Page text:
After super-strict celebrity trainer Tracy Anderson gave birth in May, we were nervous. Nervous that she’d apply her hard-core, sometimes body-negative, often bordering-on-unhealthy advice not only to regular women, but to new moms, too. Lo and behold, she has. In an interview with Dujour magazine, Anderson cut right to the snarky chase, noting that “A lot of women use pregnancy as an excuse to let their bodies go, and that’s the worst thing.”
Really, Tracy? Is it the worst thing? Is it actually the very worst thing that a pregnant woman can do? Because I’m fairly sure that the Surgeon General and a lot of other people can think of some greater offenses.
The former dancer isn’t speaking from a place of inexperience; she’s publicly discussed her own awakening after she, herself, “let her body go” during her first pregnancy.
But not this time. This time, she followed her own brand of possibly-crazy advice, and gained just 30 pounds. She also exercised and dieted her way through the pregnancy, telling Dujour that, all along, she knew she’d use it to create a new workout and dietary regimen that employs the methods of her infamous “Metamorphosis” plan, but is targeted at pregnant women. Here’s more from the interview:
“I always knew I wanted to do this project,” she says. “I’ve seen so many women who come to me right after [having children] with disaster bodies that have gone through hell, or they come to me years later and say, ‘Oh, my body is like this because I had three kids.’”
“Disaster bodies.” That’s what you’re doing to yourself, women of America. You’re letting your bodies go “through hell” and allowing them to turn into superfund sites that are toxic and tragic and woefully out of shape. Don’t blame the baby! It’s your own lazy fault!
I can only imagine what fresh self-esteem-wrecking bombs the combination of that attitude and her new plan will create for new moms.
Because her “Metamorphosis” plan is pretty strict–so strict, in fact, that when Rebecca Wilcox tried it, she says she suffered from hunger-induced blackouts. It recommends on an ultra low calorie intake (check out this sample meal plan for Gwyneth Paltrow, Queen of GOOP), prescribes an amount of exercise (at least one hour, six days per week) that few women, pregnant or otherwise, have either the time or effort to fully complete, and focuses more on being “teeny tiny” than on being healthy. None of which bodes well for the ongoing and often unhealthy conversation surrounding post-baby weight loss.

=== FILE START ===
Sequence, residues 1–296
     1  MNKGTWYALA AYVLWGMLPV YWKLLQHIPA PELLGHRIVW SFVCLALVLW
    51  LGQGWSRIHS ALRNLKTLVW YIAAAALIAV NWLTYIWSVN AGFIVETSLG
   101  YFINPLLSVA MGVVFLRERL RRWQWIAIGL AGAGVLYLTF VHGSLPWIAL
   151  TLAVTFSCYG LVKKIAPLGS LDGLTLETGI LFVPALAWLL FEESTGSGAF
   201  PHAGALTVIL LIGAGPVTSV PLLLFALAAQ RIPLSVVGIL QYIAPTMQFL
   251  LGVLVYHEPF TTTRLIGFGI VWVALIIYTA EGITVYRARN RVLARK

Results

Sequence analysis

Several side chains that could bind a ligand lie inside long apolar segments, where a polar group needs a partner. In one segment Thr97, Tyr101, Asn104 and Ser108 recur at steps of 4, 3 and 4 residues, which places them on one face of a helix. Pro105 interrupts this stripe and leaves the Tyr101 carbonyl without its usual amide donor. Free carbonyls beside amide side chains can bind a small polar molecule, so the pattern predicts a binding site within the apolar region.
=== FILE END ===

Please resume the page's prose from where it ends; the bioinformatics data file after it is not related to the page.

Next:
New moms are constantly being told that the most important thing to do during the first few weeks of motherhood isn’t bond with the baby, but rather, battle their postpartum bulge. And it’s pretty disappointing that, rather than making her slightly more forgiving, her pregnancy has simply reinforced her belief that “letting yourself go” is the “worst thing.”
Anderson has, however, found empathy for at least one group of women: Those with large breasts.
“It was like, ‘Holy boobs! Where did they come from?’ I had to stop and put on multiple sports bras,” she laughs. “I texted a few of my friends who have big boobs and I was like, ‘I’m so sorry I was so mean to you about dancing and jumping because I can’t do it right now!’”
Now if only she could text the same thing to all of those women with “disaster bodies” who she’s going to make feel bad about themselves by espousing the belief that every women, ever, should strive to be “teeny tiny,” even after having a child.